How is the loss of smell and taste in “Covid-19” different from the common cold?

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Loss of the sense of taste and smell is a common symptom of “Covid-19”, and it is a symptom that people with colds or flu can also suffer from.

But a small study published on Tuesday, August 18, describes the main differences between the loss of sense of taste and smell that results from each of these viruses, and sheds light on how and why these symptoms may appear in cases of “Covid-19”.

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The team of European researchers, who studied the data of “Covid-19” patients, explains that the smell loss that can accompany the Corona virus is unique and different from that experienced by a person with a cold or influenza.

More specifically, researchers confirm that the Corona virus, unlike other common respiratory infections, affects the brain and nervous system.

“There are completely different things that happen when it comes to losing the sense of smell and taste in patients with Covid-19, compared to those with a bad cold,” said Carl Philpott, principal investigator and professor at Norwich Medical School at the University of East Anglia, in a press release.

He added, “This means that smell and taste tests can be used to distinguish between Covid-19 patients and people with colds or common flu.”

The study provides more evidence that the Corona virus affects the nervous system. Between 34% and 98% of hospitalized patients with “Covid-19” will suffer from a loss of smell.

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Patients will experience these symptoms for more than 30 days, and some may never regain their sense.

And when Covid-19 patients suffer from a loss of smell, they tend to have a sudden and severe symptom.

They usually do not have a stuffy or runny nose, and most people with coronavirus can still breathe freely.

The researchers found that the smell loss was “more profound” among those infected with the Coronavirus, as they were less able to recognize smells than cold patients.

Covid-19 patients’ sense of taste has seriously decreased, as they were unable to recognize sweet or bitter flavors using “taste strips” that interact with different areas of the tongue.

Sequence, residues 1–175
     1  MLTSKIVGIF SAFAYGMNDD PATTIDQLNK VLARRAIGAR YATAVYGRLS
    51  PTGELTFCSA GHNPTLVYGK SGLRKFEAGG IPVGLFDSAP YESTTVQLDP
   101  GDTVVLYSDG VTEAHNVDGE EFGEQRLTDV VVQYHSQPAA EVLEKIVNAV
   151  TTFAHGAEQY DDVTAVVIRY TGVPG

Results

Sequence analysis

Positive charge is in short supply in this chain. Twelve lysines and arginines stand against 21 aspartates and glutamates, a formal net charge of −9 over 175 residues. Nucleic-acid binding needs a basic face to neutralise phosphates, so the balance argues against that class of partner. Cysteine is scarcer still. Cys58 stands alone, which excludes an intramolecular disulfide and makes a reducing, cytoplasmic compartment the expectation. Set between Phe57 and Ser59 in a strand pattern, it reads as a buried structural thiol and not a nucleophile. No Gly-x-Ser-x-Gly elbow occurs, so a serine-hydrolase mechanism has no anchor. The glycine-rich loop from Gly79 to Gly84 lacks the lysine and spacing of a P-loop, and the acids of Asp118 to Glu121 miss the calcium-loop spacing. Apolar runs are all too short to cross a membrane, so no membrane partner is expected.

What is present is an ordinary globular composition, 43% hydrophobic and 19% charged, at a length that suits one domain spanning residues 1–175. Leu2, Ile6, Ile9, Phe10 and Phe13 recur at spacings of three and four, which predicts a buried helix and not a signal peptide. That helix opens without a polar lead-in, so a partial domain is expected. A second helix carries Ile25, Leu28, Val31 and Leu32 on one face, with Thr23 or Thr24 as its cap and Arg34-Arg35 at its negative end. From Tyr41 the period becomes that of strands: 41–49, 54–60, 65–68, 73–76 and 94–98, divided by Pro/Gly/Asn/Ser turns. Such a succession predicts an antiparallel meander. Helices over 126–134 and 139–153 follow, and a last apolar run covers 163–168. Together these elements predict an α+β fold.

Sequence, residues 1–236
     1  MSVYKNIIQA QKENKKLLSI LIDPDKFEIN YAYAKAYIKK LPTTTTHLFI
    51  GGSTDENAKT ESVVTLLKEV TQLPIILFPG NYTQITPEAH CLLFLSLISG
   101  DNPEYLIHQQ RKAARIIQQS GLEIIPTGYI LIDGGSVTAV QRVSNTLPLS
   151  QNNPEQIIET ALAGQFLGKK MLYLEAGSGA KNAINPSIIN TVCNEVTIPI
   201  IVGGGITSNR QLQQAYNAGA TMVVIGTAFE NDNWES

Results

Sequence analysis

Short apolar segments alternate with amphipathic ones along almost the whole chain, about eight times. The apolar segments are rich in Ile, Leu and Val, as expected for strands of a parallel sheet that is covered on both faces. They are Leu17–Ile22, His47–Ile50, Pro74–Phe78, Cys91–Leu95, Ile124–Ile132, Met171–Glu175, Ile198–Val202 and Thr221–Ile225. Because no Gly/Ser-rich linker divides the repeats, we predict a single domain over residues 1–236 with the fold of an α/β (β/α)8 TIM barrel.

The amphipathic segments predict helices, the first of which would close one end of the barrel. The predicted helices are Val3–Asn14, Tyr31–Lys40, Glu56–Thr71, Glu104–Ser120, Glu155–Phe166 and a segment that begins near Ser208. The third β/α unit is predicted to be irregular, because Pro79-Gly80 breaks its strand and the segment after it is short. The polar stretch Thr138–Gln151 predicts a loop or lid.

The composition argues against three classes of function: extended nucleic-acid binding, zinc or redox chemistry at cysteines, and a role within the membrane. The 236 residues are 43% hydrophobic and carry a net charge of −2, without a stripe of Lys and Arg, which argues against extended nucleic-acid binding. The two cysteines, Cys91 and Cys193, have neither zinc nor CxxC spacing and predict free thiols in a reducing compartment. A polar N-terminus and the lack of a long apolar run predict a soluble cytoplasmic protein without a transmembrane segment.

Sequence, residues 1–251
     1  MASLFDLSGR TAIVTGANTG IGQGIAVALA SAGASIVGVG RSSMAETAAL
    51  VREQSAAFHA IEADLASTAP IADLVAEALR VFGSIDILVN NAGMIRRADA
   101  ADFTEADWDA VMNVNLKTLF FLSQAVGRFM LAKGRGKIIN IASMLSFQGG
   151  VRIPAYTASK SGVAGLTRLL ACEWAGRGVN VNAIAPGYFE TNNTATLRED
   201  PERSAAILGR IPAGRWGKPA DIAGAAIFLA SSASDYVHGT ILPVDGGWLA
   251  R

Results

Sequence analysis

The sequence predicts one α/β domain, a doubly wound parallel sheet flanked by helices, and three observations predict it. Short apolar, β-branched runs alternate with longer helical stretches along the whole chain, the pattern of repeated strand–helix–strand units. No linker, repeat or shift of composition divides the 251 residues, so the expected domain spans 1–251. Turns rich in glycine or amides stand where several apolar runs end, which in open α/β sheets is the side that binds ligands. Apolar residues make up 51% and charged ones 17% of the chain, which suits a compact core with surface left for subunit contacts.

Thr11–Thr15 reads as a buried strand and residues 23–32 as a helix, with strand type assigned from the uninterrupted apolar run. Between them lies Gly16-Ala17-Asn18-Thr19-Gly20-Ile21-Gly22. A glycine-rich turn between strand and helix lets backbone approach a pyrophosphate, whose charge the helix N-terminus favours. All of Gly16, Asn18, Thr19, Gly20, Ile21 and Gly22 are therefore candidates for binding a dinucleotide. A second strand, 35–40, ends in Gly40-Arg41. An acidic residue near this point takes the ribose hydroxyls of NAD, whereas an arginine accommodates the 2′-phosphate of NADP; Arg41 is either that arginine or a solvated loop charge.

This was not the case for people suffering from the common cold.

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And when you have a cold, smelling and taste is often difficult because your nose is blocked and the airways are blocked. But with “Covid-19”, the symptoms seem to stem from the way the disease invades the brain and nervous system because the virus does not tend to cause a blocked nose, the researchers believe.

Other research has also shown that the coronavirus can have severe neurological consequences that extend beyond the olfactory system.

One study found that a short-term loss of smell may result from “slit syndrome,” a condition in which soft tissues and mucus prevent odors from reaching olfactory nerve cells.

The researchers found that some coronavirus patients developed brain swelling and delirium, while others developed nervous system disorders such as Guillain-Barré syndrome that can cause paralysis. Strokes have also been observed as a result of “Covid-19”.

The new research may help doctors differentiate between the Corona virus and the common cold.

The new study found that by giving patients relatively simple and standardized tests for taste and smell, it can be very easy to distinguish between those with “Covid-19” and those suffering from other respiratory diseases.

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“Although such tests cannot replace formal diagnostic tools such as throat swabs, they can provide an alternative when traditional tests are not available or when rapid screening is needed, particularly at the primary care level,” Philpott said. Emergency departments, or at airports. ”

Ultimately, more research is needed, including studies that rely on brain scans, to help understand how the coronavirus affects the senses, the researchers added.

Philpott pointed out that additional investigations could also clarify “whether the genetic variation in the receptors of bitter and sweet taste in people may qualify them for infection with Covid-19, or on the contrary, and whether Covid-19 infection changes how these receptors work.”

Source: Business Insider





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